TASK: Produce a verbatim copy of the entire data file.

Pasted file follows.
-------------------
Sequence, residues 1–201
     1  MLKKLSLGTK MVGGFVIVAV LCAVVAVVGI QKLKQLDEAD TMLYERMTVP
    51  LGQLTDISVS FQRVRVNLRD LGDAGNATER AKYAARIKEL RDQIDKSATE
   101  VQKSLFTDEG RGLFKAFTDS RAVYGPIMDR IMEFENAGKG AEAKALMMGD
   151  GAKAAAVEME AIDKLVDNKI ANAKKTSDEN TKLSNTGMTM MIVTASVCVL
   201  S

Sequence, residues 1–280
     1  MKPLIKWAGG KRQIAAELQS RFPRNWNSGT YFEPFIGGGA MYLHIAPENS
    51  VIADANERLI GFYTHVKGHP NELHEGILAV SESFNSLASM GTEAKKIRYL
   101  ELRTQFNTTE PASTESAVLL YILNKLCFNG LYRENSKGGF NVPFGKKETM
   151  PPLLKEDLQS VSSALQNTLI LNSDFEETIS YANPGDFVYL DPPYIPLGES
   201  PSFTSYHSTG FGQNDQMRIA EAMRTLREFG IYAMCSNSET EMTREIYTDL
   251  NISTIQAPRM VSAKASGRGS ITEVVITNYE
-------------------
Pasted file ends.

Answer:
Sequence, residues 1–201
     1  MLKKLSLGTK MVGGFVIVAV LCAVVAVVGI QKLKQLDEAD TMLYERMTVP
    51  LGQLTDISVS FQRVRVNLRD LGDAGNATER AKYAARIKEL RDQIDKSATE
   101  VQKSLFTDEG RGLFKAFTDS RAVYGPIMDR IMEFENAGKG AEAKALMMGD
   151  GAKAAAVEME AIDKLVDNKI ANAKKTSDEN TKLSNTGMTM MIVTASVCVL
   201  S

Sequence, residues 1–280
     1  MKPLIKWAGG KRQIAAELQS RFPRNWNSGT YFEPFIGGGA MYLHIAPENS
    51  VIADANERLI GFYTHVKGHP NELHEGILAV SESFNSLASM GTEAKKIRYL
   101  ELRTQFNTTE PASTESAVLL YILNKLCFNG LYRENSKGGF NVPFGKKETM
   151  PPLLKEDLQS VSSALQNTLI LNSDFEETIS YANPGDFVYL DPPYIPLGES
   201  PSFTSYHSTG FGQNDQMRIA EAMRTLREFG IYAMCSNSET EMTREIYTDL
   251  NISTIQAPRM VSAKASGRGS ITEVVITNYE